Friday, February 24, 2012

Christopher Tappin Extradition

Christopher Tappin's extradition to the US is appropriate. According to the US case, in 2006, Tappin attempted to sell export restricted MIM-23 Hawk missile batteries to Iran. Unknown to him however, he was dealing with undercover US agents. The problem with the arguments of those who state that he should not be extradited are two-fold.

First, the accusation against Mr. Tappin is extremely serious and has been found to meet the reasonable suspicion evidential burden that is imposed on extradition requests by the English courts. The MIM-23 system is the foundational basis for Iran's newest air defense system. In this regard, if Iran is able to acquire technology to support their air defenses, then this technology contributes to the endangerment of American (or British) pilots who may one day be called to militarily contest air space with those systems. We have a responsibility to deny potential adversaries the access to military tools that they could use against us.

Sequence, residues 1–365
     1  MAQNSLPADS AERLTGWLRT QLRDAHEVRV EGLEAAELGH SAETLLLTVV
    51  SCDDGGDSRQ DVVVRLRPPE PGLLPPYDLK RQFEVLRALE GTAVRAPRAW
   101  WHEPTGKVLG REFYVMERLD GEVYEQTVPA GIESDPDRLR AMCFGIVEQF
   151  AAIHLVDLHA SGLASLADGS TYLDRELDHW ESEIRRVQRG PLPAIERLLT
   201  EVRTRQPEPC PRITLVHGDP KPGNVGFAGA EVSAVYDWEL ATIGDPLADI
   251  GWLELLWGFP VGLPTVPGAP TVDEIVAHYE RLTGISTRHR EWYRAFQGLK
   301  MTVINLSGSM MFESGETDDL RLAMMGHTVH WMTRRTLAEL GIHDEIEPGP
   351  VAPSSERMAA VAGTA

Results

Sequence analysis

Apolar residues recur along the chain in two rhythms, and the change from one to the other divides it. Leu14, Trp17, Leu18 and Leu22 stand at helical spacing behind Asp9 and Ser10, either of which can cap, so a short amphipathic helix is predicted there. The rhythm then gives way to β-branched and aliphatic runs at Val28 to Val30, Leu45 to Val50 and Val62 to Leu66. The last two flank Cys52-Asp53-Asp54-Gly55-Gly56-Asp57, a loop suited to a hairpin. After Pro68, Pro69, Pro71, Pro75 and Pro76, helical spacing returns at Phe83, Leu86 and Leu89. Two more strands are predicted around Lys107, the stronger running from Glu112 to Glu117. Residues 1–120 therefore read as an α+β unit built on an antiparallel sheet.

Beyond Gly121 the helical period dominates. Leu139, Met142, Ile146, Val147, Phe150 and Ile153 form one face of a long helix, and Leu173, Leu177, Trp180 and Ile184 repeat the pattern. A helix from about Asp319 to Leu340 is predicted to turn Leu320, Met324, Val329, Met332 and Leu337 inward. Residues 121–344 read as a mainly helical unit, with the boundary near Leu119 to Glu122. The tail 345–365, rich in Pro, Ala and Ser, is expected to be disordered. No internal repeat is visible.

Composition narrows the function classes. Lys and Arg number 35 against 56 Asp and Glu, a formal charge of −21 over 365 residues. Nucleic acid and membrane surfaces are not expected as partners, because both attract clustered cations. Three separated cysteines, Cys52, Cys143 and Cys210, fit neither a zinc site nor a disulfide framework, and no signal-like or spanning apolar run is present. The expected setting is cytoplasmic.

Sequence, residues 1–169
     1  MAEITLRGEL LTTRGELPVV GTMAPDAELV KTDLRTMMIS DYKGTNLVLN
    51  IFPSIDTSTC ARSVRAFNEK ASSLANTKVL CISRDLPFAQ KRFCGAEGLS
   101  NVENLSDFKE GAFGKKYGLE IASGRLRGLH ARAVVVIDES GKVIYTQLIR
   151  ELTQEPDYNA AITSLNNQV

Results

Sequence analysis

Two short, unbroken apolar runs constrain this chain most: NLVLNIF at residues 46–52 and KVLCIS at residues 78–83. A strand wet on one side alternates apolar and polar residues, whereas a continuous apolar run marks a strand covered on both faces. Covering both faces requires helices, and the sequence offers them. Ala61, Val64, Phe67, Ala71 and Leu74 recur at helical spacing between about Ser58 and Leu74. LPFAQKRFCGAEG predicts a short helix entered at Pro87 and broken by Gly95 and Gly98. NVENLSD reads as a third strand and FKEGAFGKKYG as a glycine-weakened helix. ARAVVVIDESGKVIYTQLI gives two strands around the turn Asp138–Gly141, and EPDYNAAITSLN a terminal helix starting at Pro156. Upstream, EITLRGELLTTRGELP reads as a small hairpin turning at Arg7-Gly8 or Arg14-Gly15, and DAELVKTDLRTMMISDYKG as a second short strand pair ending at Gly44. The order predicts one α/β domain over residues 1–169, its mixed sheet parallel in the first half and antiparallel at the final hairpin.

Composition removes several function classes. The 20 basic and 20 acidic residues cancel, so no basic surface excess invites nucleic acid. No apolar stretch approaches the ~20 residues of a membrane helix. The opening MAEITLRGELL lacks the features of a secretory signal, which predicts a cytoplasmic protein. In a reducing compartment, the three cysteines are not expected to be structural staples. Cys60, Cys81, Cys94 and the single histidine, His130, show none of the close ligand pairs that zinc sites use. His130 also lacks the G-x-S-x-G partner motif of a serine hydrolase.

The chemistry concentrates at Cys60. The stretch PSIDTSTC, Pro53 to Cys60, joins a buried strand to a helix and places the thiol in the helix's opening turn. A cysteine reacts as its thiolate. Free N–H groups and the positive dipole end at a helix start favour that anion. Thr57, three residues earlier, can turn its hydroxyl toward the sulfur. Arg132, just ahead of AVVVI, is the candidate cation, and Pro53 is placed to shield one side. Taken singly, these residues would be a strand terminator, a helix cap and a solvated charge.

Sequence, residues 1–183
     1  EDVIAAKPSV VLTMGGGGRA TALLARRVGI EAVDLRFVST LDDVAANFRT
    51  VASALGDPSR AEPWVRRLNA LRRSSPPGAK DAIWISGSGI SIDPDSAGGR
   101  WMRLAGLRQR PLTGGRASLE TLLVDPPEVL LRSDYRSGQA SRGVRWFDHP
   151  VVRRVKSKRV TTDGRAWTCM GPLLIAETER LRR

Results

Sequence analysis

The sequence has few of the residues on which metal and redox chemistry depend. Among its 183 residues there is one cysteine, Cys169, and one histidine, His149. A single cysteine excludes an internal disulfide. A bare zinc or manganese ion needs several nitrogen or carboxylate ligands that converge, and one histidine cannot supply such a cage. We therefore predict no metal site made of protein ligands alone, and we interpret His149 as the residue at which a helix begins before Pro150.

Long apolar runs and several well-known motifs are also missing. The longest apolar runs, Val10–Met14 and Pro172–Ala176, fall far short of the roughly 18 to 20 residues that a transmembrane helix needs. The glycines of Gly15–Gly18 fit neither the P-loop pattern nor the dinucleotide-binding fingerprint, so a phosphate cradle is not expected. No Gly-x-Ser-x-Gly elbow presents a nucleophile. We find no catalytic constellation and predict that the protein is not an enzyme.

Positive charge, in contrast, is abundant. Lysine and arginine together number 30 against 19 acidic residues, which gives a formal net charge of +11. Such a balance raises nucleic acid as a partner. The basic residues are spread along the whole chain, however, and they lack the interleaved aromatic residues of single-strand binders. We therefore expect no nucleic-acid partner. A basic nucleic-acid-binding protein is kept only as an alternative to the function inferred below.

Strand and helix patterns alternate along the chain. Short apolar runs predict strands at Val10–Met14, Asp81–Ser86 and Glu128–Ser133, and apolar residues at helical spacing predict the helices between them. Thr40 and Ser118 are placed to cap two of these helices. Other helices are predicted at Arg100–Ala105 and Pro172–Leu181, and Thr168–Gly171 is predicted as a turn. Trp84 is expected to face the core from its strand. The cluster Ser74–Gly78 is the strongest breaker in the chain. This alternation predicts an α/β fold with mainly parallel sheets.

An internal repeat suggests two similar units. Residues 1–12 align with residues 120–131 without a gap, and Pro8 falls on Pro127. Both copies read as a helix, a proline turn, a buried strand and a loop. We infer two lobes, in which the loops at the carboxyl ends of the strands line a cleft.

Second, just because Mr. Tappin and Mr. McKinnon have well developed PR strategies to win British public support, it doesn't mean that they should be able to escape justice if they are guilty. Gary McKinnon is accused of taking down the Washington DC military computer network for an entire day. If the US had suffered a terrorist attack or major disaster on that day, American citizens could have died as a result of the problems that this communications failure caused. Extradition serves the cause of justice.

Although there are some who claim that the current US-UK extradition treaty is unfair, they are wrong. Between Jan 2004 and July 2011, 7 extradition requests by the US to the UK were rejected. In the same time period, the US rejected no UK extradition requests. These are the facts and justice is built on facts and not emotion. Mr. Tappin is innocent until proven guilty, he will have his day in court.

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